To say as a society we are unprepared for parenthood is a huge understatement. As Penelope Leach says, ‘bringing up children is probably the most difficult task people undertake, yet our society offers less preparation for it than for anything else’. We get more guidance on how to raise a dog than we do a child. There are no courses, degrees or apprenticeships in motherhood- we really have no choice but to learn on the job. In some ways this is a great leveler. No matter what you have done previously, how you fared through education, or which lofty heights you might have flown to in your career, you are literally thrown back to the start line with the birth of your first child, and expected to undertake an impossible obstacle course with no map. As Alice, founder of The Mother Movement in Australia says, its a bit like asking all men aged 30- regardless of their qualifications, previous experience or ambition -to all become accountants.
Some mothers take to the experience like the proverbial duck to water, whilst others find it a huge anti-climax and wholly unfulfilling, and most ricochet to and from each extreme like a manic depressive, never having imagined they could so long for a shade of grey ( excusing that phrases’ other connotations!)
On the good days, there is the love that is so intense it is visceral, the time gloriously wasted trying to illicit the prized gummy smile and there is often an unexpected relief that comes with days that lack of structure and the license to come off the treadmill, but on the hard days – and you will have both, no doubt- its as though the ‘you’ that you have so carefully constructed through your teens and in all likelihood throughout all of your twenties is disappearing into the fog of sleep deprivation, the mounds of washing and the monotony of basic nurture. And its this loss of ability, this sense of being unqualified and having absolutely no sense of who you are anymore apart from an adjunct to someone else, that makes the whole experience so hard for so many. Its as though to become a mother, you have to give up every inch of the person you were before motherhood, as though you need broken to be reformed.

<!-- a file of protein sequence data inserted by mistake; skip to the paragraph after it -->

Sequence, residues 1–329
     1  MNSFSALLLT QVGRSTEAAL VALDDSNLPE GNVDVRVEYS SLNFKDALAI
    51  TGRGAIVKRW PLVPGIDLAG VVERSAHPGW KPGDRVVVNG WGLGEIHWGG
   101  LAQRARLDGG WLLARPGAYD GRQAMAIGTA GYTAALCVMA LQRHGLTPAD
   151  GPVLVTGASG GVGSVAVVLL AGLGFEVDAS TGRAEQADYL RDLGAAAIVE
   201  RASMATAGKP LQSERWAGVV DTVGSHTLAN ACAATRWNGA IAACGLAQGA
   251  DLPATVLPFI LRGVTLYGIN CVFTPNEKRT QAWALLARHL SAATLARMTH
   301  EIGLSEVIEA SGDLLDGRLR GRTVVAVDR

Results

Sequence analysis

Transition, under any circumstances is not easy. As human beings we are often ill-equipt for change. And when the change is wholly surprising and on someone else’s terms, it can feel difficult, even painful. But in the process of becoming a mother, that adage ‘what doesn’t kill you makes you stronger’ is nothing if not true.
In my job I work with mothers or women who are becoming mothers all the time. I see first hand the lack of confidence that the majority of women have in their early pregnancies and in those early weeks and months of becoming a mother for the first time. I see otherwise forthright women, who are instead tentative, unsure and questioning. I see women grappling with sleep deprivation and the necessary muddle that is those early weeks and sometimes, I see them falling apart. But I also see what can only be described as an extraordinary process of metamorphosis in each and every one of them. Because as the days, weeks, months and then siblings roll by, these same women get more vocal, more sure of themselves, more confident in their ability- not necessarily to get it right but to at least muddle through. Only today I was speaking to a woman who was telling me about the magic of being the mother to a third child. ‘I don’t have any more answers this time around’, she said, ‘the difference is I don’t mind’.
In the process of their experience, these women (and that means all of us) are not just learning the tricks of the trade and developing the confidence to leave things undone but they are also –probably unwittingly- forging a whole new identity. Very often it is out of the ruins of their old one, and sometimes it can feel as though we have lost more than we have gained, but without doubt, women as mothers become bigger, stronger and better versions of their former selves. A bit like those Japanese earthenware pots, with their cracks filled with gold. And it is that; the new, more confident, more whole identity that we forge, not just as women but as women who are also mothers, that makes us more capable of handling the immensity of what it means to be a mother. And it is this, above all else, that makes it easier. Not easy, just easier.
‘There’s a crack, a crack in everything. That’s how the light gets in.’